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Styes

A stye is a small, painful red lump on the eyelid. They normally occur on just one eyelid, and are due to an infection.

  1. Common, localized infection
  2. Can be either internal or external
  3. Treated by reducing the swelling with a flannel

If you have a stye and it is particularly uncomfortable, or if you are worried about an infection, our doctors are available to help. You can book an appointment through our private online video consultation service to speak to a UK doctor online.

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Description

What is a stye?

A stye is a red lump on or inside the eyelid, caused by a minor staphylococcal infection. It can either be internal or external.

Styes are very common and do not usually require any treatment. However, if they become extremely painful, the swelling can be reduced by using a needle to extract the fluid. In most cases, there is no cause as such for the development of styes. It's simply a case of something blocking the tiny oil glands around the eyelid, which creates a build up of fluid.

Who gets a stye?

You are more likely to develop a stye if you suffer from keratitis (a condition where the eyelids become itchy and inflamed), acne rosacea (a skin condition where random episodes of flushing and redness occur) or ingrowing eyelashes.

In terms of complications, styes can lead to conjunctivitis (pink eye) if the infection spreads by way of itching. It's also possible for a recurring, persistent stye to become a cyst if it doesn’t drain and heal effectively over an extended period of time.

If you have symptoms of a stye and would like to discuss how to manage them, or for a diagnosis, you can consult one of our GMC registered doctors through our online private video consultation service. Book a slot at a time that’s convenient for you.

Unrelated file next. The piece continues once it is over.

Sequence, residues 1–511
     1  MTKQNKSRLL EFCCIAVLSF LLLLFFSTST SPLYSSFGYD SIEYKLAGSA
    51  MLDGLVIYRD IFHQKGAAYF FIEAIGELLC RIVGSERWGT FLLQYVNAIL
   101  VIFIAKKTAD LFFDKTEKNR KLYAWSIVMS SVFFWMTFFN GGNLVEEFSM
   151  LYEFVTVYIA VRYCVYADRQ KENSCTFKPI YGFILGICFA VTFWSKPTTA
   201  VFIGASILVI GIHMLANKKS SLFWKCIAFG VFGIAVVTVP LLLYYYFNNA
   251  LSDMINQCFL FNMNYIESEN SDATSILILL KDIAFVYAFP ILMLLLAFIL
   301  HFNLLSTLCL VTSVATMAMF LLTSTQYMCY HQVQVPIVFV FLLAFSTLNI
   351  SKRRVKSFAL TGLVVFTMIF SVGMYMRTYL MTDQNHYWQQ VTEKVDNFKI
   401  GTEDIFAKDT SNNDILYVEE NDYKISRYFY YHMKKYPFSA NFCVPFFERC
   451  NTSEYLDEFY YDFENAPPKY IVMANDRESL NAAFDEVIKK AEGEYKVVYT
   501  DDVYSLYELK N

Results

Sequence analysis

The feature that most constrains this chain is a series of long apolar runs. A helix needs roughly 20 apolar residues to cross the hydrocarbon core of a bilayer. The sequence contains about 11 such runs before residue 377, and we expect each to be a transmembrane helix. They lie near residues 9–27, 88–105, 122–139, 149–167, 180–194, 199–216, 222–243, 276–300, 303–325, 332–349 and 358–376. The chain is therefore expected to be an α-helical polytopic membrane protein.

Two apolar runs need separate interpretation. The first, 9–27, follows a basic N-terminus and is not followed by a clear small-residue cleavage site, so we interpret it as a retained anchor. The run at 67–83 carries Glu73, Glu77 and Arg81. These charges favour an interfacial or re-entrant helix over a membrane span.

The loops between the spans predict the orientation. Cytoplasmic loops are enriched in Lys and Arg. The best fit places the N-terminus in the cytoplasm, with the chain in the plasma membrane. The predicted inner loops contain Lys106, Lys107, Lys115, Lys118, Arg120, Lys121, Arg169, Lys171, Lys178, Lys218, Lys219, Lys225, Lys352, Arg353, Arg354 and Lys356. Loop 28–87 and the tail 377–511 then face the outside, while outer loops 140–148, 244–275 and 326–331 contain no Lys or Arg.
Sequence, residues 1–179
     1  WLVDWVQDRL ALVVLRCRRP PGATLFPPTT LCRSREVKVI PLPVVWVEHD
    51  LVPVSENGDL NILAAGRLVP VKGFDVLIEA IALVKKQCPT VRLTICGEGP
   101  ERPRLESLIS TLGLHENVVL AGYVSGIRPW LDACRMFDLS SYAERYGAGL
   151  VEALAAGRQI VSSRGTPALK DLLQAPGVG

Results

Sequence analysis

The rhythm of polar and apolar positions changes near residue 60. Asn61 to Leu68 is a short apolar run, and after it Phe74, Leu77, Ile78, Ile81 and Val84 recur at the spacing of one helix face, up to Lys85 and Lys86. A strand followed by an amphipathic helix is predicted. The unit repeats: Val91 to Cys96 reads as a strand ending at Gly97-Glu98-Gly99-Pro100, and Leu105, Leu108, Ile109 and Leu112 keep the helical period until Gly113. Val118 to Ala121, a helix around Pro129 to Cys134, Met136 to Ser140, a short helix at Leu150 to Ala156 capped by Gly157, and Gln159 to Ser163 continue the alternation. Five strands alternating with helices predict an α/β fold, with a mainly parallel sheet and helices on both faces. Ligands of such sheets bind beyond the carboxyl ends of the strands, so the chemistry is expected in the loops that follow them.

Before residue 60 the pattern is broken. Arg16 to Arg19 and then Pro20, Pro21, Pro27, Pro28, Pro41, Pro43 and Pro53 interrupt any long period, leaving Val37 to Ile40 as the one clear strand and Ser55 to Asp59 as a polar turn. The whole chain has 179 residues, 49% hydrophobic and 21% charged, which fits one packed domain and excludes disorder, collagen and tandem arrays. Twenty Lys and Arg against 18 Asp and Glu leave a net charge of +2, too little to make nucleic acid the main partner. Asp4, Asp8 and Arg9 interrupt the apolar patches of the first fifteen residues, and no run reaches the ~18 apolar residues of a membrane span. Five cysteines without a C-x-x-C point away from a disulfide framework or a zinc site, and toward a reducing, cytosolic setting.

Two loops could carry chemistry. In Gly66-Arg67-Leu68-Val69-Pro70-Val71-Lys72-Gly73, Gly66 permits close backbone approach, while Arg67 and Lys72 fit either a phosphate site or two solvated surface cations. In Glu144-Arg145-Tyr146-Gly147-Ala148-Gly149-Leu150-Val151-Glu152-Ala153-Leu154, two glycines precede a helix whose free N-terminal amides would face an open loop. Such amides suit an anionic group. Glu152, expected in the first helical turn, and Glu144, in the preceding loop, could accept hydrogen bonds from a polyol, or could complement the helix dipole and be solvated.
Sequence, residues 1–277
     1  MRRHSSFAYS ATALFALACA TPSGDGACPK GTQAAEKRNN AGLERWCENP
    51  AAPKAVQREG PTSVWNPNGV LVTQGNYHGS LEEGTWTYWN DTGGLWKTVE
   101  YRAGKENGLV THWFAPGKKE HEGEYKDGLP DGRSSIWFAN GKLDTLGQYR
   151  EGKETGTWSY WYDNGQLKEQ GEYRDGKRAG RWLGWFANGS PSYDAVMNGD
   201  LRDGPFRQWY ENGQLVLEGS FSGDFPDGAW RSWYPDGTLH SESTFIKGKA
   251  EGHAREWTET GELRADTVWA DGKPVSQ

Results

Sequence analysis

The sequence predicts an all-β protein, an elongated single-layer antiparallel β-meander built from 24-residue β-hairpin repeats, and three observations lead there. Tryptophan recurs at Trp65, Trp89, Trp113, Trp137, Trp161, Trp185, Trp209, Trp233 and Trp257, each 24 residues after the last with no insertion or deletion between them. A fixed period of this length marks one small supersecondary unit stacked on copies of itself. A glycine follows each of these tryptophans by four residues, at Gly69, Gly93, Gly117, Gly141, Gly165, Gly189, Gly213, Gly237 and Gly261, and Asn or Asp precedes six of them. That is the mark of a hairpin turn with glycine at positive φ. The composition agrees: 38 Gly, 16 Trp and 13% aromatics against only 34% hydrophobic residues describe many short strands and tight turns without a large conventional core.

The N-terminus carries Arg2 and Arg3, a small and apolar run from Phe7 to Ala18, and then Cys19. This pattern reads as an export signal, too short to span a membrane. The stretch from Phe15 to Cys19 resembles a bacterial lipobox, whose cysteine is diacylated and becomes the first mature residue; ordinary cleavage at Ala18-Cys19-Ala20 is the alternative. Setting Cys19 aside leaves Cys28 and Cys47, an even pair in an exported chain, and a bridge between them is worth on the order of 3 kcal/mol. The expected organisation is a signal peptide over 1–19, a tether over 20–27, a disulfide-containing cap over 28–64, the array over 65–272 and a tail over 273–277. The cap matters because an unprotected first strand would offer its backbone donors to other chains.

Page last reviewed:  12/06/2020
Diagnosis and treatment

How is a stye diagnosed?

A stye presents obvious symptoms that make it easy to diagnose. It forms a small, red swelling. If the stye is external, the swelling will appear on the end of an eyelid near an eyelash, in a defined spot. If it's internal, the stye falls beneath the eyelid, producing a more general red swelling.

Will I need tests?

You will not need any tests to diagnose a stye. However, they can easily be confused with many other conditions that may cause an infection in the eye (and which may require tests). For example, dermatitis or keratitis. For a full list of the potential diagnoses for styes, click here

What will a doctor normally advise?

A doctor will normally advise you to apply a warm, clean flannel to the affected eye for 5-10 minutes a few times a day, to soothe the pain and reduce the swelling. A doctor will most likely tell you not to puncture the swelling, as this will happen naturally. 

What treatments are there for a stye?

Typically, treatment for styes consists of reducing the swelling. This does not require any topical medicines. 

If the stye is very painful, a doctor may suggest removing the eyelashes from the follicles that contain the infection, or draining the stye of fluid with a fine needle. This should be done by a healthcare professional.

Page last reviewed:  12/06/2020
Questions and Answers

How are styes treated?

A stye can be treated by alleviating the swelling with a clean, damp, warm flannel a few times a day, until the infection has passed (usually up to a week). If the stye is particularly painful or uncomfortable, a doctor can extract the fluid with a thin needle.

What treatments are there?

There are no antibiotic treatments or topical creams which are suitable for a stye. It just requires careful management until the infection has gone.

Can I consult a doctor about stye online?

Yes. If you think that you may have a stye, you can book an appointment with our UK doctors at your convenience. Our doctors are available to consult with at a time that’s best for you. They will advise you on the stye and whether you may need to see a specialist, if the infection is an indication of another condition.

Page last reviewed:  12/06/2020

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